5. Rearrangement $$\underbrace{\left( \begin{pmatrix} M_0 & 0\\ 0 & M_1 \end{pmatrix} - h^2 k \begin{pmatrix} -\mathbf{I}_3 & \phantom{-}\mathbf{I}_3\\ \phantom{-}\mathbf{I}_3 & -\mathbf{I}_3 \end{pmatrix} \right)}_{A} \underbrace{\begin{pmatrix} v_0^{(k + 1)}\\ v_1^{(k + 1)} \end{pmatrix}}_{x} = \underbrace{\begin{pmatrix} M_0 & 0\\ 0 & M_1 \end{pmatrix} \begin{pmatrix} v_0^{(k)}\\ v_1^{(k)} \end{pmatrix} + h \begin{pmatrix} f_0^{(k)}\\ f_1^{(k)} \end{pmatrix}}_{b}$$

Again, use some library like Eigen to solve the linear system $Ax = b,$ the solution $x = \left(v_0^{(k + 1)}, v_1^{(k + 1)}\right)^T$ contains the velocity update.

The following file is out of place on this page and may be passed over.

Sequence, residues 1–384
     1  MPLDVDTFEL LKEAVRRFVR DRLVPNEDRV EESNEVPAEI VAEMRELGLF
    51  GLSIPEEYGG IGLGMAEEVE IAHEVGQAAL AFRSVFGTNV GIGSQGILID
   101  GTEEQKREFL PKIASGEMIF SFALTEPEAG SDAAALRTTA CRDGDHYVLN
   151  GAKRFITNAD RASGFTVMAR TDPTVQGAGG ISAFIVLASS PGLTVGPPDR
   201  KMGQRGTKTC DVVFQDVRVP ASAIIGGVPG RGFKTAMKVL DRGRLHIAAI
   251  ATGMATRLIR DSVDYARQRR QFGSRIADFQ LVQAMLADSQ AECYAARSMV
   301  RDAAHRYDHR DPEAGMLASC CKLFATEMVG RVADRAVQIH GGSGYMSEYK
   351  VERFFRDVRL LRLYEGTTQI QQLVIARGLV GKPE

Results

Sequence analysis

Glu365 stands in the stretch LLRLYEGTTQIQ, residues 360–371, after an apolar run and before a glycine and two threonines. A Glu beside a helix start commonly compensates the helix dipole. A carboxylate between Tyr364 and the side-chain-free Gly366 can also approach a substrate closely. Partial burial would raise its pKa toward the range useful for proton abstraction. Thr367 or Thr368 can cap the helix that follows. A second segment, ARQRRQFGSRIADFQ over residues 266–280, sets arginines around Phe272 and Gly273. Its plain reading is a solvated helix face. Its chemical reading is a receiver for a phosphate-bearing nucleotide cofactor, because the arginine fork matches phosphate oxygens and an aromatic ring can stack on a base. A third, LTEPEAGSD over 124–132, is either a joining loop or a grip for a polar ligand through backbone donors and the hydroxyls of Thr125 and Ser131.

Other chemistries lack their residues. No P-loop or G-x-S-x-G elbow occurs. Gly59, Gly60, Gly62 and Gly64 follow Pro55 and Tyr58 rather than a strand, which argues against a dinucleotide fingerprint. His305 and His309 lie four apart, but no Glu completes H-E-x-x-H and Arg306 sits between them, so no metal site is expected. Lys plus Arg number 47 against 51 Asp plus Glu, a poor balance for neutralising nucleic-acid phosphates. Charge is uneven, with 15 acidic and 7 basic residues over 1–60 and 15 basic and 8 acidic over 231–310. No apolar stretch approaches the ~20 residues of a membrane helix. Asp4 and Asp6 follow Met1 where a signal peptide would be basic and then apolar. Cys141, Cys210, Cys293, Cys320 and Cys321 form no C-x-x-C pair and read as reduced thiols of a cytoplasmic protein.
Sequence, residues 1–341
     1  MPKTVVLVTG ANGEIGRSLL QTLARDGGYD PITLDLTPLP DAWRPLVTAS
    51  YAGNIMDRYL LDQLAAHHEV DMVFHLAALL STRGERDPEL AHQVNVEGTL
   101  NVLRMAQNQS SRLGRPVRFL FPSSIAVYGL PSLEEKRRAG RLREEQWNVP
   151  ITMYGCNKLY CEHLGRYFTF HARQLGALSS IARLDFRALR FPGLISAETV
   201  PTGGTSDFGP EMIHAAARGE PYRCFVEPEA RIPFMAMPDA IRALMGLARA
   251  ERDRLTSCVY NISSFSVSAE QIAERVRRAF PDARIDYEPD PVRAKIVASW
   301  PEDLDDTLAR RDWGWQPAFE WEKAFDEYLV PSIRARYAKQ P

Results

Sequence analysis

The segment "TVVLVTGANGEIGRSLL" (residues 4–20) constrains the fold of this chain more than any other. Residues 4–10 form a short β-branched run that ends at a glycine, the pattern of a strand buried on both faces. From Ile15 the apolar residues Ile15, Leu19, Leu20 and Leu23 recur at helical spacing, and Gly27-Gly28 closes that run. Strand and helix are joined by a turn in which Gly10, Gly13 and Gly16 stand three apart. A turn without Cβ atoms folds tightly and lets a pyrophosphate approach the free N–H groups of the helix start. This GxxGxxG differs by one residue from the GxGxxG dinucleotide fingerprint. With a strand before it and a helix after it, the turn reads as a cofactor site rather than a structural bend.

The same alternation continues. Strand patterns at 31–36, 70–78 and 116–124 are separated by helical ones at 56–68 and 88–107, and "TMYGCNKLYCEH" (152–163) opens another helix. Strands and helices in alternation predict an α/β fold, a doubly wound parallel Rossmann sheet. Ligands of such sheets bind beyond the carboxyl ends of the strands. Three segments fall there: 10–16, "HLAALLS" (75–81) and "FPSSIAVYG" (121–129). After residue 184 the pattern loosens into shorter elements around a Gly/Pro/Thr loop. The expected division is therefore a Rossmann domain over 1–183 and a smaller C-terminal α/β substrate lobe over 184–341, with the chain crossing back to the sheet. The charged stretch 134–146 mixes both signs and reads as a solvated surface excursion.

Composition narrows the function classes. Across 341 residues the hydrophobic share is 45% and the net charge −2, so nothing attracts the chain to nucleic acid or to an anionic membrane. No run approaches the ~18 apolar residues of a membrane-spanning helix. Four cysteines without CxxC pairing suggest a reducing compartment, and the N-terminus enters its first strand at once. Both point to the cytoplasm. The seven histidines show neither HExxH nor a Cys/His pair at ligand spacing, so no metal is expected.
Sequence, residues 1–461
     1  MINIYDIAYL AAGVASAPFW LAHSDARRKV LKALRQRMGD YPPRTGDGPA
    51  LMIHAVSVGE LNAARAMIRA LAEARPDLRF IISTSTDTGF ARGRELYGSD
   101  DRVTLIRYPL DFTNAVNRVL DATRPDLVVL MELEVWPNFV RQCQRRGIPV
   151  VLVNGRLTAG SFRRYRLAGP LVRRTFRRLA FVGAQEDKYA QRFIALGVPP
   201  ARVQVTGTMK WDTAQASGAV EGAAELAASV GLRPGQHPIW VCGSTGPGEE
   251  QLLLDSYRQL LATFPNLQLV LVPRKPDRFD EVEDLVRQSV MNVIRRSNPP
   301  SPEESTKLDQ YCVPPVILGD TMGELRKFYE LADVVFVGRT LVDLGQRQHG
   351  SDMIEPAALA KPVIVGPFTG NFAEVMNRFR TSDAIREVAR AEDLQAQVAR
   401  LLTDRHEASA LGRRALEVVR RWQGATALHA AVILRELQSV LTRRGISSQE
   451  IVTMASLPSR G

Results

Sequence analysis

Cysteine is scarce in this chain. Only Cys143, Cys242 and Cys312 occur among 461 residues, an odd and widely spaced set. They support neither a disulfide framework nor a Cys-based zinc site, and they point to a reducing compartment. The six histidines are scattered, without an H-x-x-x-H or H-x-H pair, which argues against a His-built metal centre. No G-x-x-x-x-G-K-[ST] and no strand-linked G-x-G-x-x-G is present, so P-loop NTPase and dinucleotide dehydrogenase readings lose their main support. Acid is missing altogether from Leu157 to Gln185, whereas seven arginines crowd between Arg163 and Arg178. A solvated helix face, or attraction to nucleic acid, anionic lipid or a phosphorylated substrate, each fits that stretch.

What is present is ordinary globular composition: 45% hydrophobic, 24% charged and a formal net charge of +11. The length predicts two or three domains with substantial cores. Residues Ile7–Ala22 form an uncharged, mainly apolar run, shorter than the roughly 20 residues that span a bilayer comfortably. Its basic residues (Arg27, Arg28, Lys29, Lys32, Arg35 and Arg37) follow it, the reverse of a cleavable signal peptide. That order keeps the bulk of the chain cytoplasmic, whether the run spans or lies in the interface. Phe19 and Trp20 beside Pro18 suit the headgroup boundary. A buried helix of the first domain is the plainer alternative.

In general, the implicit with an $n$ particle system yields the following

$$\left(\mathfrak{M} - h^2 \mathfrak{K}\right) v^{k + 1} = \mathfrak{M}v^{(k)} + hf^{(k)}$$

where

$$\mathfrak{M} = \begin{pmatrix} M_0 & 0 & \cdots & 0\\ 0 & M_1 & \cdots & 0\\ 0 & 0 & \ddots & 0\\ 0 & 0 & \cdots &M_n \end{pmatrix}$$

and $\mathfrak{K}$ is the stiffness matrix, which is the derivative of the force w.r.t $x$.

In our 2 particle system with Hooke’s law,

$$\mathfrak{K} = \frac{\mathrm{d}f}{\mathrm{d}x} = k \begin{pmatrix} -\mathbf{I}_3 & \phantom{-}\mathbf{I}_3\\ \phantom{-}\mathbf{I}_3 & -\mathbf{I}_3 \end{pmatrix}.$$

Again, the symplectic is the same as the implciit without the stiffness.